There was a young lady from Riga
Who smiled as she rode on a tiger
They returned from the ride
With the lady inside
And the smile on the face of the tiger.
We haven’t seen a tiger yet, but after being in Russia for the past 19 days, the city of Riga seems much more comfortable to us. It’s hard to describe why. Perhaps it’s the lack of an obvious police and military presence in the streets. Maybe it’s a lack of austere soviet archtecture or people, cars and shops that just look more affluent. This city just feels more open and vibrant.
We arrived here in the mid afternoon after flying out from the small and very unspectacular St Petersburg airport. Our flight lasted for 1 1/2 hours. It didn’t seem to be very scary to me but the woman on the other side of the aisle prayed and crossed herself three times as we took off, although only twice again as we landed. Once we arrived in Riga, it only took about 25 minutes to reach the city by taxi, at a relatively inexpensive price of 8 Lats ($A 20).
We are staying at the Metropole Hotel whlch is a charming place – full of old European style and character from the 1930s. From our quick walk around the area near the hotel before dinner, we found that we were on the edge of the old city and there were many interesting streets to explore. We had an outstanding steak for dinner with friendly and attentive staff and topped it off with a bottle of New Zealand wine.
We really only have one full day here, so with the help of the Lonely Planet, we ventured out on a walking tour of the old town. The moat along the old city wall still snakes through a very pleasant area of parkland, although the walls were demolished a long time ago. The only remaining tower is now incorporated into the Latvian War Memorial.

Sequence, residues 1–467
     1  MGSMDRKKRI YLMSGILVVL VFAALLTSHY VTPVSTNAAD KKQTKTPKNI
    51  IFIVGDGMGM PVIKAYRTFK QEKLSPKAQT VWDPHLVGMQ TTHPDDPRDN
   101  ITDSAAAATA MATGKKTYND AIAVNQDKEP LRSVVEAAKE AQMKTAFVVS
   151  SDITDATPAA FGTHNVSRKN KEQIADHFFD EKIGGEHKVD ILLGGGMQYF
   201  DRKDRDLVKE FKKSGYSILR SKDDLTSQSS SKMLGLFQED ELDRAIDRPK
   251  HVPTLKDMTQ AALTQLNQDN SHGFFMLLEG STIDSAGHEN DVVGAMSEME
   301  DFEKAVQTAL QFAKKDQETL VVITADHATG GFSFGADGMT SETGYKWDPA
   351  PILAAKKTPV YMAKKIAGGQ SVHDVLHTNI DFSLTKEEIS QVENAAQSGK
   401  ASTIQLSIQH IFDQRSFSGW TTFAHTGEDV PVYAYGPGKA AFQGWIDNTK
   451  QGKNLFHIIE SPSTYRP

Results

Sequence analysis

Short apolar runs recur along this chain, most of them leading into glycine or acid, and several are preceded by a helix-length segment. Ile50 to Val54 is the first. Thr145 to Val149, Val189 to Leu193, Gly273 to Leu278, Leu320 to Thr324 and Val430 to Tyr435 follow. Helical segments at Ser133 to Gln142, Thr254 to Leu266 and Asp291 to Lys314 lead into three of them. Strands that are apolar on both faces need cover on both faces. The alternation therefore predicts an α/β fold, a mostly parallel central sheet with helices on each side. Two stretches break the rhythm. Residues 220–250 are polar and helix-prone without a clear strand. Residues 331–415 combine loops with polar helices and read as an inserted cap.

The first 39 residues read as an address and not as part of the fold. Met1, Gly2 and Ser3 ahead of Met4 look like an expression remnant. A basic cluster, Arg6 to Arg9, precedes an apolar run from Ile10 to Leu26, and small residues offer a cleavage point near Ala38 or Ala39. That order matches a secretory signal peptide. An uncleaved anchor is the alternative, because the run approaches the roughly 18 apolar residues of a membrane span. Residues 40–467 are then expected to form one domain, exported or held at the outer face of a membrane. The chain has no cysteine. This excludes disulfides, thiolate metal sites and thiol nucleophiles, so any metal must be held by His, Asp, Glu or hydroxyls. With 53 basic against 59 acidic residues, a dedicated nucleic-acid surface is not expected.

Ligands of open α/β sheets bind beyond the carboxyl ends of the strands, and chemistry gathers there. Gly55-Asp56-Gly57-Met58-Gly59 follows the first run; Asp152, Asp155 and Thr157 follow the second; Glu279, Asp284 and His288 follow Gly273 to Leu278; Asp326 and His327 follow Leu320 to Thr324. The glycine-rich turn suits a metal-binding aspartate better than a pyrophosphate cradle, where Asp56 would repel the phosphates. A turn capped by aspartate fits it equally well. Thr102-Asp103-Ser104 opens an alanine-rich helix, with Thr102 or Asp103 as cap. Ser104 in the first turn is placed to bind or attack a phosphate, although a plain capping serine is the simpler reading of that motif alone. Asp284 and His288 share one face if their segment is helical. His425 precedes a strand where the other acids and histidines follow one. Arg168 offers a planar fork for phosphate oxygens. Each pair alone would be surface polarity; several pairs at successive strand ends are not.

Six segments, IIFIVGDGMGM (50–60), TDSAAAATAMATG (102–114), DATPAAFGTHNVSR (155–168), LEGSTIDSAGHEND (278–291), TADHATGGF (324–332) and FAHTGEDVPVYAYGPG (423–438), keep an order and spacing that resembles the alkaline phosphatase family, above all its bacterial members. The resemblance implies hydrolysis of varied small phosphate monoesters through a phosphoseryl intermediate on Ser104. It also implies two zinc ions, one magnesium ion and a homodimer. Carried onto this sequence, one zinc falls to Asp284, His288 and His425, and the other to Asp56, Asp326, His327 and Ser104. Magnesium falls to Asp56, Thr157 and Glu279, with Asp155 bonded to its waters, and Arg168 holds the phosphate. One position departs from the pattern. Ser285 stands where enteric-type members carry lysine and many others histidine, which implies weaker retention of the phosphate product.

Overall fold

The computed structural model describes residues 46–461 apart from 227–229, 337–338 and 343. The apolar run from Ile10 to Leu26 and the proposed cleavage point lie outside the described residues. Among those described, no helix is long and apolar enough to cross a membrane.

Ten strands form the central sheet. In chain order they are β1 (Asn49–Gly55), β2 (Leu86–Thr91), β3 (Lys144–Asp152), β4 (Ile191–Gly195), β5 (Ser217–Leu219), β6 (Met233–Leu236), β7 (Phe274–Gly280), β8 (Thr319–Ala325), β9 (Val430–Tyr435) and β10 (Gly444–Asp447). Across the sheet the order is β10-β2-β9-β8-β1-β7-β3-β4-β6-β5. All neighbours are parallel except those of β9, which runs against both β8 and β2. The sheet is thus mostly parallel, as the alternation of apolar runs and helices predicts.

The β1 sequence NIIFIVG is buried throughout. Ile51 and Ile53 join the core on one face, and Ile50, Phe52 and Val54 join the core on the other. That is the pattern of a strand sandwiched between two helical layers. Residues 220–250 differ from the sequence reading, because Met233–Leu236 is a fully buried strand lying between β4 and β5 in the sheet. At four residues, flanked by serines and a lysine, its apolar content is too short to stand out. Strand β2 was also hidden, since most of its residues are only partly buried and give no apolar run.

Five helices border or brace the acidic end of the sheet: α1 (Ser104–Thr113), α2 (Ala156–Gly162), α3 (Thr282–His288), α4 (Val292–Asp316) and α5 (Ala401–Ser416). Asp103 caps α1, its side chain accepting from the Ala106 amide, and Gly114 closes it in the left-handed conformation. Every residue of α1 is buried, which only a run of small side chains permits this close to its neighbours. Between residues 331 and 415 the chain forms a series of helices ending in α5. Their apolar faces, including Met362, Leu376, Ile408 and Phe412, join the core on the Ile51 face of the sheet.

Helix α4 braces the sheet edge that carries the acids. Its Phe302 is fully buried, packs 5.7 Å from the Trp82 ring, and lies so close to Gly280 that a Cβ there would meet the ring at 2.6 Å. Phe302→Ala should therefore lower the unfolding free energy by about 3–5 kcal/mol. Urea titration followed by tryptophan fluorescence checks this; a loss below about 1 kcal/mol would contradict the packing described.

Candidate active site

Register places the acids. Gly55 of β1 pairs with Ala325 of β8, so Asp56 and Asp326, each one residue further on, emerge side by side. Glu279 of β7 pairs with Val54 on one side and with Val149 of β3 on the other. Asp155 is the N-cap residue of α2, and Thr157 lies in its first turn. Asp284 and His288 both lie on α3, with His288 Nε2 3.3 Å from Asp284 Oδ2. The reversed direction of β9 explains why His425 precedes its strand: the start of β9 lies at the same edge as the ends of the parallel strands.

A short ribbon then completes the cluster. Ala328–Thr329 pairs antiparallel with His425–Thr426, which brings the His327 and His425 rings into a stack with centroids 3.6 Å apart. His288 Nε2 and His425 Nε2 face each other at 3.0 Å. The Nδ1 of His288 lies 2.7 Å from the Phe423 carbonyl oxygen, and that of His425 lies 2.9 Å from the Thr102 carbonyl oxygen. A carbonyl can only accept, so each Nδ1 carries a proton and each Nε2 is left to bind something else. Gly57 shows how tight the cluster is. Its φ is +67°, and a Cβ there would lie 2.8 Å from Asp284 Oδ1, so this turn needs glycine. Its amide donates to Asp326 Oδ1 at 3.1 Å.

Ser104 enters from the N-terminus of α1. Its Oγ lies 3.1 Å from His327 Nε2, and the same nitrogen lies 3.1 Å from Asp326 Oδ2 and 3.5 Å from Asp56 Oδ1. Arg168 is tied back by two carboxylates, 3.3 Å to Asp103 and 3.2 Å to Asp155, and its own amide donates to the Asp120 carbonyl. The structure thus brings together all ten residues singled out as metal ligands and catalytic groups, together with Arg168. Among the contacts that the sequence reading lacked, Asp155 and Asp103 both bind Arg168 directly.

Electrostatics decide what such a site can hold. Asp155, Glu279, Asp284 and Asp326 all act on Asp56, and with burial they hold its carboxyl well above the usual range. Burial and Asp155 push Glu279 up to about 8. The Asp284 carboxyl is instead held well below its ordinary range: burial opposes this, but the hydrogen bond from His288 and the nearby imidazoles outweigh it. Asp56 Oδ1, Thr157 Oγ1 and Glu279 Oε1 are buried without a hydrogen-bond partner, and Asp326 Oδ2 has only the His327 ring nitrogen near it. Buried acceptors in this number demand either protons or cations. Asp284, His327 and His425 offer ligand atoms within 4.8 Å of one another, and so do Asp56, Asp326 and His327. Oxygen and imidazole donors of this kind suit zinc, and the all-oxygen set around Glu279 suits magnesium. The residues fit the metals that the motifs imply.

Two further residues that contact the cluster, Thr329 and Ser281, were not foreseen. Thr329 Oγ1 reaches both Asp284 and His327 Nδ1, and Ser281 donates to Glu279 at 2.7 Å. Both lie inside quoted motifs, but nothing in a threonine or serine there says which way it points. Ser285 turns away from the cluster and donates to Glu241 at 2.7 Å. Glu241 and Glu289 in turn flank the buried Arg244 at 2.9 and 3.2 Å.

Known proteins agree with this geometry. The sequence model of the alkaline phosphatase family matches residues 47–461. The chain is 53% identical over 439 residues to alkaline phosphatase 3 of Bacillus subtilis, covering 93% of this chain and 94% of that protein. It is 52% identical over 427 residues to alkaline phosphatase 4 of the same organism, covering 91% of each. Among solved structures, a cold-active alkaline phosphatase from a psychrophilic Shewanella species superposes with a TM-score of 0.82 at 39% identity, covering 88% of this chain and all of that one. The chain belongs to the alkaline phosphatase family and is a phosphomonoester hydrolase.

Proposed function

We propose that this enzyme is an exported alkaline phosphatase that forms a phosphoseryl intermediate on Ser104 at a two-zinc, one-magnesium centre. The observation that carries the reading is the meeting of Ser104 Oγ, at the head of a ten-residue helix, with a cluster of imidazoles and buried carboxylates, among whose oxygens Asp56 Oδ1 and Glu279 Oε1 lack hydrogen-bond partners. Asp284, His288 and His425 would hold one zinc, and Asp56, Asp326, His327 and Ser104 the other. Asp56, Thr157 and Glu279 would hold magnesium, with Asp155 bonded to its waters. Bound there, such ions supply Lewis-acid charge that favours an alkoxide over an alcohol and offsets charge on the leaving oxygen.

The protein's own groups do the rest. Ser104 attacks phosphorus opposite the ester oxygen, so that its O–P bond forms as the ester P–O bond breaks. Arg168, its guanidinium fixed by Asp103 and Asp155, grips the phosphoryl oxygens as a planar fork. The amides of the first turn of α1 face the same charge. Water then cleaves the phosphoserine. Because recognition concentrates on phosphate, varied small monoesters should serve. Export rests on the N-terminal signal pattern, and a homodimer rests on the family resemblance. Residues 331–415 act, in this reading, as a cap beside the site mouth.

We had an interesting day pottering around the streets, looking at the old buildings and taking a lift to the top of the steeple of the cathedral. We passed by the old castle where the President now lives and watched the honour guard at the Freedom Memorial marching with crossed arms as they held their weapons upright.
One of the obvious differences between Latvia and Russia, is that in Russia, most of the memorials are to soldiers, generals and military victories. Here in Riga, they appear to be musicians, poets and families. Instead of celebrating victory over others, the Latvians seem to celebrate their independence and freedom from others.
The most interesting, and sombre, place that we visited was in an ugly blockhouse style building in a square near the town hall. It was ‘The Musuem of Occupation’ and it had a very informative (and no holds barred) display of the occupation of Latvia by both the Germans and the Soviets, following about 20 years of democratic independence from 1918. Both regimes appear to have been harsh and oppressive, just lasting for different lengths of time. There were terrible stories of people having their property taken from them, disappearing, being imprisoned and / or executed. The poor people who copped the worst were the Jews. Under the Germans, they were sent to concentration camps and under Russian rule, they were sent to the gulags. Very few returned.
Latvia became independent again in 1991 when the Soviet empire first began to collapse. Riga has a world heritage recognition for its old city, but it in danger of losing this recognition because it keeps erecting new buildings in the city. They are all very aesthetic, just not in keeping with the original ones.
From here, we are off to Hanover via Copenhagen.